About the author:
Tara Moss is the bestselling author of eleven books of fiction and non-fiction published in nineteen countries, a documentary maker and host, public speaker and outspoken advocate for human rights and women’s rights. She is the writer of the popular Mak Vanderwall crime series, the Pandora English paranormal series, and the feminist memoir The Fictional Woman. She received an Edna Ryan award for making a feminist difference, inciting others to challenge the status quo. Tara currently lives in Vancouver with her husband and daughter. Visit her at taramoss.com.
Your latest book, Dead Man Switch is a fantastic new crime novel, the first in a series. Can you tell us a bit more about the book?
Dead Man Switch is set in Sydney, 1946, in a time when Australia is still reeling from the second world war. Billie Walker, who has returned from work as a war reporter in Europe, is a woman living life on her own terms. World War II has left her bereaved, her husband missing and presumed dead. Determined not to rely on any man for her future, she re-opens her late father’s detective agency. And then one day a client walks in with a case that looks simple enough, but is far from it. Billie soon finds she needs to race against the clock to save a young man, and she stumbles across a much bigger, more deadly mystery.
I adore the heroine, PI Billie Walker, who despite being a hard-boiled detective has more than a dash of Mae West in her. What inspired this novel and in particular, Billie?
Thank you. Dead Man Switch arose from my fascination with WW2, the strong women of the era and the family stories of WW2 I grew up with. I adore film noir heroines and reading hardboiled fiction, and the 1940s is a time that continues to draw me in.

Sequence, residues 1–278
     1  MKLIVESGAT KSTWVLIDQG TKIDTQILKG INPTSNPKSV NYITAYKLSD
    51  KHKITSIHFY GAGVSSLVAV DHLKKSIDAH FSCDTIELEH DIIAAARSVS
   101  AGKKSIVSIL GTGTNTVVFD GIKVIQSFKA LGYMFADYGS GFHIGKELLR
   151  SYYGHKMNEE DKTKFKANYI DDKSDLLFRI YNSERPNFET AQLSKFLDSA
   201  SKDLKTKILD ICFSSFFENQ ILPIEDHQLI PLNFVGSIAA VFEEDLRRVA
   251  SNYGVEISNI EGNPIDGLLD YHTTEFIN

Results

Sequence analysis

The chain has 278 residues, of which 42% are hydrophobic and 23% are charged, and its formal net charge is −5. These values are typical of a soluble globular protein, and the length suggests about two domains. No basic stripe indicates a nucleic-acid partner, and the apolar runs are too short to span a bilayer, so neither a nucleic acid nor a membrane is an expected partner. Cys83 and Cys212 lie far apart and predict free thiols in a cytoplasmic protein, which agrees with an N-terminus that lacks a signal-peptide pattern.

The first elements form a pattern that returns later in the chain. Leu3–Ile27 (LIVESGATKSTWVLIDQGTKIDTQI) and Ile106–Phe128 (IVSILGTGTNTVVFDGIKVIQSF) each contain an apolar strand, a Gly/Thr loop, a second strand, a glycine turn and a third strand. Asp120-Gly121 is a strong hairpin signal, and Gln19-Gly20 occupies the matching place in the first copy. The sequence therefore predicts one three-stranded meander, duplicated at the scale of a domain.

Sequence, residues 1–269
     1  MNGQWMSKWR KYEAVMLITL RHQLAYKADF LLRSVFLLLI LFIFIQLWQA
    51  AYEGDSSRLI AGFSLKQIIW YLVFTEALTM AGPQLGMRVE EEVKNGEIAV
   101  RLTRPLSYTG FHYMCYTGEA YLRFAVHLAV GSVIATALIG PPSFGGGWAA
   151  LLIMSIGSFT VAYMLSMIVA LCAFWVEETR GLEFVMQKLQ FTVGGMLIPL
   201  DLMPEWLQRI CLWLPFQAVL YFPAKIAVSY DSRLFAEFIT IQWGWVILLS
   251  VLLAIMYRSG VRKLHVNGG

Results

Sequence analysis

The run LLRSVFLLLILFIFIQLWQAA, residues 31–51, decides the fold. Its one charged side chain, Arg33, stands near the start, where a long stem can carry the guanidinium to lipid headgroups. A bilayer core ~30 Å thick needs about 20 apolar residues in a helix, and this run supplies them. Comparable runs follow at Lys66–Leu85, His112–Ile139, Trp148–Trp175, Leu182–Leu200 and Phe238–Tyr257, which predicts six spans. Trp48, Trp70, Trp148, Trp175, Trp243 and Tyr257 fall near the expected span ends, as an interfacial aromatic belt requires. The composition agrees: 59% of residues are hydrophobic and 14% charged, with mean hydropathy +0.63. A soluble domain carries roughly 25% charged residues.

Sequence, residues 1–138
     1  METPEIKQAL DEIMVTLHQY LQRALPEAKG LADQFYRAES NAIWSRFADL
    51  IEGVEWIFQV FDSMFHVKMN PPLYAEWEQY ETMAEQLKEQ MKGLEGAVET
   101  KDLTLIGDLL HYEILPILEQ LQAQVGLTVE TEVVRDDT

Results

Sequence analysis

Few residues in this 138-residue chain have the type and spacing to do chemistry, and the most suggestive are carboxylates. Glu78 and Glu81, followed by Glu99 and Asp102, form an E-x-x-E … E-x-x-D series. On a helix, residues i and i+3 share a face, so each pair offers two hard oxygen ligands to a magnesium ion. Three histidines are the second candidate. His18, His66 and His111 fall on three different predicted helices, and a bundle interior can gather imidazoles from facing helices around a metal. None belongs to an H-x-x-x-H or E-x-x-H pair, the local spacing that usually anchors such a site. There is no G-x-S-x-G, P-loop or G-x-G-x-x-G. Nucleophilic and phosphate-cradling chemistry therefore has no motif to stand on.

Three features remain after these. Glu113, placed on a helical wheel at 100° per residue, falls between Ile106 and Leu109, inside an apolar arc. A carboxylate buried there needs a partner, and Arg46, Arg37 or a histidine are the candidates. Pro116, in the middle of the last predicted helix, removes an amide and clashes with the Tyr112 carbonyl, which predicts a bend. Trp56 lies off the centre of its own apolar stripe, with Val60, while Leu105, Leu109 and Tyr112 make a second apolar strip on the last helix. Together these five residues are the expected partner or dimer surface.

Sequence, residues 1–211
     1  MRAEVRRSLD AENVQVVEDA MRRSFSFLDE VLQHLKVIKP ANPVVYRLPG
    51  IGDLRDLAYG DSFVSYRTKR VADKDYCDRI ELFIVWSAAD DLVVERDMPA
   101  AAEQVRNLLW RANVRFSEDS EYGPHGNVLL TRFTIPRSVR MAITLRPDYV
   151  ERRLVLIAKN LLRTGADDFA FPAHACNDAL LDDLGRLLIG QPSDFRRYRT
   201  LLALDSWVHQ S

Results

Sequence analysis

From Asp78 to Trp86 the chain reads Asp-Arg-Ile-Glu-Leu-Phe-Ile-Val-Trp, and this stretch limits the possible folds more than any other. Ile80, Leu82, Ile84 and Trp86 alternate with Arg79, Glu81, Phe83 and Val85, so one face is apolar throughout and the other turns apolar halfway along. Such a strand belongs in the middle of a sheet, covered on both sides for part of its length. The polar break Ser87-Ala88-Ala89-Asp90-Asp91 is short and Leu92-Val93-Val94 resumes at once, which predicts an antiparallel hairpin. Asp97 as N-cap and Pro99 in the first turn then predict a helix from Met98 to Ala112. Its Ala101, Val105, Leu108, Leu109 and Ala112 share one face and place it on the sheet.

I wanted to set a novel in the period and create a woman at the centre of that story who is adaptable, smart, stylish and has grit – a 1940s private eye story with a stand out heroine. She became the stylish, champagne swilling, fast talking and fast-driving Billie Walker.
What is your research process like for a crime novel?
Dead Man Switch is my first historical fiction novel, and it took me over two years to research and write. I always begin with the characters and their motivations and quirks, and I try to imagine what they would do when faced with various challenges and dangers, but those situations must be as authentic as possible. Research is key for me. That has been true of all of my twelve books. I’ve been set on fire and choked unconscious for research, among other things. For this novel I looked at everything from blueprints of buildings from the period, to authentic 1940s dress patterns and historically accurate news, maps and more. I walked through the old buildings, and could almost give a Billie Walker tour of Sydney. I tried things – like 1940s accurate darning – that Billie does in the book. Choosing a car – the Willys Roadster – was just one of many delights during the writing and research process and I hope I get to take one for a spin. Built in the 30s, there aren’t too many of them on the roads these days, but they were famously fast. (I have earned my CAMS race driver licence.)
What’s your daily writing routine like and what are you working on at the moment?
I have a motto that life is too short to live the same day twice, and I live by that. I do write each day, but I don’t stick to routines, as they don’t seem to suit my personality. After 20 years as an author I know myself and my work fairly well. I am highly motivated, which is important as a person working from home, but I am also always changing and looking for something new to learn – different genres (this is my fourth genre), different settings and characters.
I have been double deadlining this year, with Dead Man Switch and also the fourth in my Pandora English paranormal series, The Cobra Queen, which launches in March.
What is something that has really influenced you as a writer?
I have loved storytelling since I was a kid, and I grew up in a house full of books. Watching parents read and having them read to you is often formative in establishing a lifelong love of books. I’m grateful for that.